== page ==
Re: A brief essay on development


Subject: Re: A brief essay on development
From: Eliot Handelman (eliot@generation.net)
Date: Fri Aug 27 2004 - 01:47:09 EDT


Richard Wentk wrote:

> At 18:25 25/08/2004 -0700, you wrote:
>
>> Richard Wentk wrote:
>>
>>> I think you could be confusing the how and the why here. There's a
>>> difference between intent and technique.
>>
>>
>>
>> But note that I mostly talk about the "sense" of something -- let's
>> go on:
>
>
> Okay, but do you explicitly mean listener perception of same?

 I've been thinking about this question all day, or at least I
understand you to be asking
":whose sense are you talking about." This morning I came across the
following sentence in
a theory text book:

"We analyze music to find out why it sounds the way does with the hope
that we can
discover why it affects us in a particular way."

The question is, who are "we" and "us" in this sentence? A bunch of
students who
never heard classical music and are now analyzing pieces by Schumann that
they feel nothing about? Does their analysis explain to them why they
feel nothing?

It's obvious, reading the book, that it's not only teaching rules
about harmony but also how to hear harmony.

So I was much perplexed. I make no bones about the fact that the listener
at the core of my theories is me -- but still. I landed up at the
Concordia library and read an article in
"current musicology" by David Temperley in which he raises his hackles
about just this
issue. He says there are two types of theory -- prescriptive and
descriptive. In order to
describe how people hear a piece of music you need experiments. On the
other hand, it's ok
and valid to prescribe, that is, to exposit a way of hearing something,
but this must not be taken as description.

I still haven't formulated any thoughts about this, though I feel some
resistance to this distinction. Music
is part brain and part an imaginative disposition to enter into the
world of music. I feel very uncertain about
any kind if authroization of facts other than those which, as the theory
guy migfht have said, "tell me
why this music affects me in a particular way, and, in fact, in all ways
in which I might enter into relation
with this music."

> If so, how is that different to the various variation forms where
> themes are being developed, but there may be no overall sense of
> direction within the suite as a whole? And a given variation may even
> be simpler and slower than the original? I think busyness or increased
> movement is still just one possible example of development.

EIther there's a sense of development -- this sense could change if you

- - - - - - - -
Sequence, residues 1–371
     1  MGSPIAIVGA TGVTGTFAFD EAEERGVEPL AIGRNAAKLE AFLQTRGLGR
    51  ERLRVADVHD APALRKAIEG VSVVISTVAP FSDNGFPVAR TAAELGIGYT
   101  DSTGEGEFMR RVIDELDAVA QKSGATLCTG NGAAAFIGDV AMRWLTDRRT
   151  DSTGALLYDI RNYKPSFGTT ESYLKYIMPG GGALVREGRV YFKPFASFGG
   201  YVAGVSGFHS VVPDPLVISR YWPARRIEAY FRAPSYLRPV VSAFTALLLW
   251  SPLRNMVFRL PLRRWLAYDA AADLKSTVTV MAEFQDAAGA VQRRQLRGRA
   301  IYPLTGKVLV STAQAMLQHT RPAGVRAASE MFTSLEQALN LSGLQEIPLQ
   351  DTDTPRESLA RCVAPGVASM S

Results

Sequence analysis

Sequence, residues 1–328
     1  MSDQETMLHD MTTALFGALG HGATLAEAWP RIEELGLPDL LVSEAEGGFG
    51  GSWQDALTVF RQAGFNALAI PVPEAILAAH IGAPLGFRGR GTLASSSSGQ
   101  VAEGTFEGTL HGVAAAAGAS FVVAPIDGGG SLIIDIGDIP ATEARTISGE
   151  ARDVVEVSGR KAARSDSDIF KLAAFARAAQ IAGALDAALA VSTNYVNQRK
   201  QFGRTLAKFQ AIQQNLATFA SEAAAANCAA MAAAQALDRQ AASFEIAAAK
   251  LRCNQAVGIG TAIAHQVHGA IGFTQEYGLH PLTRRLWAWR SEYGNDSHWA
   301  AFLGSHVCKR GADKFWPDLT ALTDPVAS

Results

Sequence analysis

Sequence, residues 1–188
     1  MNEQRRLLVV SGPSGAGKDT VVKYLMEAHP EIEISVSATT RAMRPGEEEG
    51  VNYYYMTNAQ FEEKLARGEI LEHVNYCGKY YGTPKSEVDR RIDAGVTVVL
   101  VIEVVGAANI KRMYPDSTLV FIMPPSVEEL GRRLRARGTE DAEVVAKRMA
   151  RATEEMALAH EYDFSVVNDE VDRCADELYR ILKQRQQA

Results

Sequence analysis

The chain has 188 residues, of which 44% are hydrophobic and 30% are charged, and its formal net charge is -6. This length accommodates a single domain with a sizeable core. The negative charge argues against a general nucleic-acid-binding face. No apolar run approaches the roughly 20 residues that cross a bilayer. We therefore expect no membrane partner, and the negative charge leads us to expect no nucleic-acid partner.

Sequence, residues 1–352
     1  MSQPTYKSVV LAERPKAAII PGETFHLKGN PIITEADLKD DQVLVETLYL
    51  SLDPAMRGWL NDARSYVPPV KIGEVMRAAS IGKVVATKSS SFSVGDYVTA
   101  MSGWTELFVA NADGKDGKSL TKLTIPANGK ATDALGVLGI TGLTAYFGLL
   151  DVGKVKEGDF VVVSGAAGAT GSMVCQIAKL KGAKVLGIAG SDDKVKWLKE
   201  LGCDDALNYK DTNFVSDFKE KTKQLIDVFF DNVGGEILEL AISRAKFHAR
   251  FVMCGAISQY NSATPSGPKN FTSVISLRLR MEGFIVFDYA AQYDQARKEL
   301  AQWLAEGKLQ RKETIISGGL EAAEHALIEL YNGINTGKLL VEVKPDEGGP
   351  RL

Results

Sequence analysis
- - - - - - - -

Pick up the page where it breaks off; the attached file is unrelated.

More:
spent 1000 hrs.
studying it -- or there isn't. It's a question of what you're hearing or
could hear.

>
> There's also reverse development. I can think of one piece which
> spends half an hour playing around a theme, and only states it at the
> end - with huge relief for all concerned.
>
>> I agree -- that's why I removed the word from my final statement and
>> instead talked
>> about process and the sense of increase of movement brought about.
>> Goal-orientedness is one such process. Linear movement is one kind of
>> movement. But clearly there are others.
>
>
> The others are perhaps more interesting, because less familiar?

Maybe.

 

>
>> This is part of paper about a program I'm working on that's supposed
>> to analyze processes of development,
>> so I'm just trying to be clear about what I mean by that. I'm
>> concluding that a huge amount of music
>> relies on a microlevel taxonmony of process, with refinements up to a
>> macrolevel.
>
>
> Perhaps a more interesting question is why some processes and
> refinements seem to give better results than others, and at what level
> can the 'better' criterion be applied?

Even more interesting, what results *do* they get? 'better' suggests
we're all trying to
write the same piece (which may be true).

>
>> Development obviously makes listening to music more complicated. I
>> was reading a review of "seven" (the movie) on the net
>> about how the movie required too much thinking and therefore failed
>> as good entertainment.
>
>
> Entertainment is distraction. But sometimes thinking can be a
> distraction too. :-)

 Enetertainment is obviously the main thing that happens in many
people's lives. I don't understand
this "distraction" idea.

-- eliot



This archive was generated by hypermail 2b27 : Sat Dec 22 2007 - 01:46:03 EST